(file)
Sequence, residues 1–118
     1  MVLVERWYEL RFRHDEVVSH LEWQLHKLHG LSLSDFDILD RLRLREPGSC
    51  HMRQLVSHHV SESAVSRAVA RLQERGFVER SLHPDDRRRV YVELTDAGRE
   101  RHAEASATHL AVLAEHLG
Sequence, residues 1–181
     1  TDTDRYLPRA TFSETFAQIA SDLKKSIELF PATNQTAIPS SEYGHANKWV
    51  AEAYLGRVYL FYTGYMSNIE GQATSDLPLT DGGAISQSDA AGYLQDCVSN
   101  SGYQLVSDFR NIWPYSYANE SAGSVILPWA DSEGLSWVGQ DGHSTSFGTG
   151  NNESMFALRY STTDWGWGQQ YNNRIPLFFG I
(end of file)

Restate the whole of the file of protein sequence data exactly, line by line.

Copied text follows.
Sequence, residues 1–118
     1  MVLVERWYEL RFRHDEVVSH LEWQLHKLHG LSLSDFDILD RLRLREPGSC
    51  HMRQLVSHHV SESAVSRAVA RLQERGFVER SLHPDDRRRV YVELTDAGRE
   101  RHAEASATHL AVLAEHLG
Sequence, residues 1–181
     1  TDTDRYLPRA TFSETFAQIA SDLKKSIELF PATNQTAIPS SEYGHANKWV
    51  AEAYLGRVYL FYTGYMSNIE GQATSDLPLT DGGAISQSDA AGYLQDCVSN
   101  SGYQLVSDFR NIWPYSYANE SAGSVILPWA DSEGLSWVGQ DGHSTSFGTG
   151  NNESMFALRY STTDWGWGQQ YNNRIPLFFG I